Just like the example which was mentioned earlier, the following blueprint focuses on PostgreSQL. The snippet below takes a snapshot of the given database and stores it in a defined location:

aws rds create-db-snapshot –db-instance-identifier=”{{ index .Object.data “postgres.instanceid” }}” –db-snapshot-identifier=”{{ .Object.metadata.namespace }}-{{ toDate “2006-01-02T15:04:05.999999999Z07:00” .Time | date “2006-01-02T15-04-05″ }}” –region “{{ .Profile.Location.Region }}”

aws rds wait db-snapshot-completed –region “{{ .Profile.Location.Region }}” –db-snapshot-identifier=”{{ .Object.metadata.namespace }}-{{ toDate “2006-01-02T15:04:05.999999999Z07:00” .Time | date “2006-01-02T15-04-05″ }}”

vpcsgid=$(aws rds describe-db-instances –db-instance-identifier=”{{ index .Object.data “postgres.instanceid” }}” –region “{{ .Profile.Location.Region }}” –query ‘DBInstances[].VpcSecurityGroups[].VpcSecurityGroupId’ –output text)

kando output securityGroupID $vpcsgid

dbSubnetGroup=$(aws rds describe-db-instances –db-instance-identifier=”{{ index .Object.data “postgres.instanceid” }}” –region “{{ .Profile.Location.Region }}” –query ‘DBInstances[0].DBSubnetGroup.DBSubnetGroupName’ –output text)

kando output dbSubnetGroup $dbSubnetGroup

Another blueprint offers the reverse operation: restoring a specific snapshot.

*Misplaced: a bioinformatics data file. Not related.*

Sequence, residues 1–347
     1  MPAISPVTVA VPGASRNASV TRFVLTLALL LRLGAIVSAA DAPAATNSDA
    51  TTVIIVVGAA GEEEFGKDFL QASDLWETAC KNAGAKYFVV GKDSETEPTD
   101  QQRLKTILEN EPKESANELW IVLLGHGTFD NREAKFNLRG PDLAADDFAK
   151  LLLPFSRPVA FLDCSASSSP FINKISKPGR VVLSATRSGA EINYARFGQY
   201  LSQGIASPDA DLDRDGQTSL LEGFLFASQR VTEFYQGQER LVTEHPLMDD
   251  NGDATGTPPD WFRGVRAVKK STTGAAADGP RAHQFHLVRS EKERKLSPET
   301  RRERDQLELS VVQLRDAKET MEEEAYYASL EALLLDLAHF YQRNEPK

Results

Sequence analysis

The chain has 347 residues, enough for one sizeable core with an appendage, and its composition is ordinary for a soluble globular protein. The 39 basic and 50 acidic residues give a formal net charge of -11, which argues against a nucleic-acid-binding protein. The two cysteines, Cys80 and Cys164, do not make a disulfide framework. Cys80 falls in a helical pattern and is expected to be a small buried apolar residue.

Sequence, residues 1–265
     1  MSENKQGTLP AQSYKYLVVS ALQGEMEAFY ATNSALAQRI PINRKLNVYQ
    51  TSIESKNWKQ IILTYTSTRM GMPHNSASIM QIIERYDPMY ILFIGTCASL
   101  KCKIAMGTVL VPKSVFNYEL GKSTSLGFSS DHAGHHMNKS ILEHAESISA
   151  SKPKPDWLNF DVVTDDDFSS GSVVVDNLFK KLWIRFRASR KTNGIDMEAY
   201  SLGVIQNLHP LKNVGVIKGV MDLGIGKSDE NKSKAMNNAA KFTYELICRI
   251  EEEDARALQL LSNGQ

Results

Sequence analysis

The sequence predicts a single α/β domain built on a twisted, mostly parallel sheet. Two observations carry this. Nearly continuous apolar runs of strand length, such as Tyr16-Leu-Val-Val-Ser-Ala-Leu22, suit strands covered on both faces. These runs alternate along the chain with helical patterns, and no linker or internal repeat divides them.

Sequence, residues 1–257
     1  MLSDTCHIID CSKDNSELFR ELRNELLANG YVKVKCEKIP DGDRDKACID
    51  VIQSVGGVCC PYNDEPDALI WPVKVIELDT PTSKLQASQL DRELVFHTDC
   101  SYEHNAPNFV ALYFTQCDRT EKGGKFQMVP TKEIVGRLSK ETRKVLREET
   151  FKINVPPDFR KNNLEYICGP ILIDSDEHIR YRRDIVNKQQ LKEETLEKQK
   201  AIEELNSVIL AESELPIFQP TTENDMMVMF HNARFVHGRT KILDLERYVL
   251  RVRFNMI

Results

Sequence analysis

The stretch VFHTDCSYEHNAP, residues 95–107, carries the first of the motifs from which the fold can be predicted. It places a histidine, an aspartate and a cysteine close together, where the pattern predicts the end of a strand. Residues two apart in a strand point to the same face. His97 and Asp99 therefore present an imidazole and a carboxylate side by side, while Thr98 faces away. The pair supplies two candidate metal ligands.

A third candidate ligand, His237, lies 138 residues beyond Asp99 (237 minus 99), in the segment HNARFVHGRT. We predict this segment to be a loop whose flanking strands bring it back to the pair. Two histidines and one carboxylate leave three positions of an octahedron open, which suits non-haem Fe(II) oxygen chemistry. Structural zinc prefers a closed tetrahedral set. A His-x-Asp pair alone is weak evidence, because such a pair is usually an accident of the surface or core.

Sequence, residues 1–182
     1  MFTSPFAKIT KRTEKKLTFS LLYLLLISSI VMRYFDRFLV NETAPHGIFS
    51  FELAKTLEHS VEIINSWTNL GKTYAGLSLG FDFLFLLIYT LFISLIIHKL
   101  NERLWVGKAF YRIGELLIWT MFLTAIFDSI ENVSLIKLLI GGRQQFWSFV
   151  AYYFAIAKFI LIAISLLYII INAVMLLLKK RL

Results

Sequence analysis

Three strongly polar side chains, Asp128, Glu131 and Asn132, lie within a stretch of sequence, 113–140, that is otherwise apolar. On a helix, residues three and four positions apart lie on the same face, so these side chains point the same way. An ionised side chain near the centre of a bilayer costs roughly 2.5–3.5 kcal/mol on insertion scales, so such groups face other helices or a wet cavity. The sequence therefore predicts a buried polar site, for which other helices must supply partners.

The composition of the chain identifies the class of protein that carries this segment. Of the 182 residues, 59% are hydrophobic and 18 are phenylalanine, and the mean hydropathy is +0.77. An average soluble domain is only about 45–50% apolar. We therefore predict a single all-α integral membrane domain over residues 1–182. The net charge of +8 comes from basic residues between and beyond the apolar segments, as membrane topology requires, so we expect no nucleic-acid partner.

As you can see, the blueprints work independently of the actual application in scope. You only need to supply simple parameters and Kanister would do the rest.


There is an active Community called “Data on Kubernetes (DOK)” which offers plenty resources to seek solutions for pending problems, explore use cases as well as generic ways to broaden your knowledge. There are also several talks at various conferences that highlight this topic in greater detail.

Explore what’s important when running data workloads on Kubernetes
Source: https://pixabay.com/


Running stateful workloads on Kubernetes becomes more popular over the last couple of years. We’ve explored several sources to get you started to run databases on Kubernetes. Besides this, a number of whitepapers were explored as well as an open-source solution to use blueprints to conduct management tasks on your data-specific topics within the domain of Kubernetes. And finally, two PostgreSQL examples made things concrete.